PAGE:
This is a neat story of a cat, Flipper, whose hind legs are at right angles to his spine that renders them useless because her spinal cord became twisted. Students at a school decided to manufacture a custom trolly for Flipper. This is a really nice thing to do for a disabled cat. The driving force seems to be one guy who loves cats and building things. I am impressed.
It is wonderful to see students, young people, doing concerted and tricky one-off manufacturing for a cat while using their imagination and computer graphics to find the best solution, which allows Flipper to propel herself forward with both her hind and forelegs. Perhaps, as Dorothy says, some of the students will learn to love cats having undergone this experience.
I have mixed feelings, though. I have to mention that fact. When I see Flipper, who was at first unlucky (to be born deformed) and then got lucky, my mind turns to the 2-3 million (we are not sure how many) cats euthanised at shelters annually in the US.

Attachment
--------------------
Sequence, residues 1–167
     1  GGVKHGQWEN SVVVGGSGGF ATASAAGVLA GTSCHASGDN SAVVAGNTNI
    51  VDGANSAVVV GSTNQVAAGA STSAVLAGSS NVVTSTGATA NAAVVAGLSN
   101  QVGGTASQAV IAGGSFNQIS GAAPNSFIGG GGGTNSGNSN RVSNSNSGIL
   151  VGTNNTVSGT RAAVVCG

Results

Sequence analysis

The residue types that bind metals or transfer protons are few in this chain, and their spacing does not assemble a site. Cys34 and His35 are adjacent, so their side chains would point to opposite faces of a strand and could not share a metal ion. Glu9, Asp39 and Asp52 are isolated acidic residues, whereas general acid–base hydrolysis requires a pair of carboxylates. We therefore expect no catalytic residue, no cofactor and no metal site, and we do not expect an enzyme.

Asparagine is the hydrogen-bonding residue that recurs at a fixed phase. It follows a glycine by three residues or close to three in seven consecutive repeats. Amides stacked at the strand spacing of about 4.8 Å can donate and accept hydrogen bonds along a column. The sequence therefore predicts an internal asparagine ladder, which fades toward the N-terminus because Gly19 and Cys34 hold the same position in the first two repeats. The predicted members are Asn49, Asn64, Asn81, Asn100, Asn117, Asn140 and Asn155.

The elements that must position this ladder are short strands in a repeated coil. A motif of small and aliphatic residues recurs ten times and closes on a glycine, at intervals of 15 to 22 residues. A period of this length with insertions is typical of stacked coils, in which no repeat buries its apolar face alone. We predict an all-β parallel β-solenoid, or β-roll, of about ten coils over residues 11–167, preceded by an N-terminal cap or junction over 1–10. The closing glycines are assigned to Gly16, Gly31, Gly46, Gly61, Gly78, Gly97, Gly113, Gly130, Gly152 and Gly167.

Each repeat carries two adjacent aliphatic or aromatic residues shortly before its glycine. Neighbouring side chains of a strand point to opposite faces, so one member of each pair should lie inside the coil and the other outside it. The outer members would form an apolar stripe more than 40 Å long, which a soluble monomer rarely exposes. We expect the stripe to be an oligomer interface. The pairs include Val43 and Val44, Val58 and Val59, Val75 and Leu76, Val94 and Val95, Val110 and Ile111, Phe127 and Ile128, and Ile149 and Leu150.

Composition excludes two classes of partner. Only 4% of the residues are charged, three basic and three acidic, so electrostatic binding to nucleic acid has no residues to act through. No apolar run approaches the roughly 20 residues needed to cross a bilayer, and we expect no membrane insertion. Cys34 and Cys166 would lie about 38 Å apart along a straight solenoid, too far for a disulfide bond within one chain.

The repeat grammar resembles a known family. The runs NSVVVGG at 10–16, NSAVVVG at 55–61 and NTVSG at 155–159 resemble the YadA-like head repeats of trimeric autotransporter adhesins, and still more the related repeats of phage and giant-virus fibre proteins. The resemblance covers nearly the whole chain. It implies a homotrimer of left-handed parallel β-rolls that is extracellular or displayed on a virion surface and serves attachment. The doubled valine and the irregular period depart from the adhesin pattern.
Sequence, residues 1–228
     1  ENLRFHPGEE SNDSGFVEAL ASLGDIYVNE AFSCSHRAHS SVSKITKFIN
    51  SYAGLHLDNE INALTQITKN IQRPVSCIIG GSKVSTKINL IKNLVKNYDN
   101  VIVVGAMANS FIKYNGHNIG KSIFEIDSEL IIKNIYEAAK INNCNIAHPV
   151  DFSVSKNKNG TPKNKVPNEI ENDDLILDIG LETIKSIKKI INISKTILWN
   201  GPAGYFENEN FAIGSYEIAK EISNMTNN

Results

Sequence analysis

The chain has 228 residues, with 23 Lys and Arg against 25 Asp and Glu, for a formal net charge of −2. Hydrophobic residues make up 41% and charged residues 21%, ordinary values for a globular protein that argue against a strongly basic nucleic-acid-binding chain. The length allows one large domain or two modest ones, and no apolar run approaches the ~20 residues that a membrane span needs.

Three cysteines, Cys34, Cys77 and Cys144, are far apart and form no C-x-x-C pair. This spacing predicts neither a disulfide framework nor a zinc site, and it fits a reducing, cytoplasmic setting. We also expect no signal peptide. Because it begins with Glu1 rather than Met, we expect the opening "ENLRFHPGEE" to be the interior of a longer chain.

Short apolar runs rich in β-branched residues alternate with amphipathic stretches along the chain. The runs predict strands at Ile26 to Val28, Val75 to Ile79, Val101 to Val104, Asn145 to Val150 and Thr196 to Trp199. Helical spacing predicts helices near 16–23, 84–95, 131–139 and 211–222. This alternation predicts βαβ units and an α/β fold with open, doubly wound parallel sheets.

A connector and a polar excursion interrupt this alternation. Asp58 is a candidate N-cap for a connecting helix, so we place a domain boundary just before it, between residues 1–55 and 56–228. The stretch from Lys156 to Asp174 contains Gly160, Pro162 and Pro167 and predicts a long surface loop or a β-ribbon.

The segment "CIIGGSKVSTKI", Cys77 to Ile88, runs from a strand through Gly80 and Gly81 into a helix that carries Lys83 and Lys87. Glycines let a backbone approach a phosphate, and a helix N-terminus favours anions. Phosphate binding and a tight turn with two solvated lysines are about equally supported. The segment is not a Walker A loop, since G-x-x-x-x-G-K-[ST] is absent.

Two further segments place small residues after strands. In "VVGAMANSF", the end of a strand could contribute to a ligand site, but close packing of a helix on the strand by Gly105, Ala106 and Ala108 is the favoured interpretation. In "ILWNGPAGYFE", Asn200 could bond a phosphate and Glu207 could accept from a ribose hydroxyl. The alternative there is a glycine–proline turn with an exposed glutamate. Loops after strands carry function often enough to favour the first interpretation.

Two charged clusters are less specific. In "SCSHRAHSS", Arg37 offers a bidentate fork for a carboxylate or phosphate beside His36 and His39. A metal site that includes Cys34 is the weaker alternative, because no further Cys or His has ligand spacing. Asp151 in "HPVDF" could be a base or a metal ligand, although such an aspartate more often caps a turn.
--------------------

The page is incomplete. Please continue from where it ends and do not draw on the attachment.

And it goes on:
These are the unknown, unwanted cats, in cages, essentially unnoticed until someone wants to have them disposed of at one of many rescue centers in the USA. I wish someone, somewhere had been able to give them a hug and a bit of luck. These cats are equally deserving as Flipper. Sure, they are not newsworthy. No one would make a video of them because no one knows them except the people at the shelter who are about to send them over the rainbow bridge.
Despite being utterly charmed by Flipper and being delighted at the efforts of students to help, my heart is with the unknown cat in an unknown place, who is scared and who is about to die.
And if that makes me sad and puts me in a bad place, so be it. It should put us in a bad place and it is hard to celebrate good work involving a needy and deserving cat when in the background we have the dark clouds of mass, unnecessary cat disposal thundering along in an unquestioned and routine manner.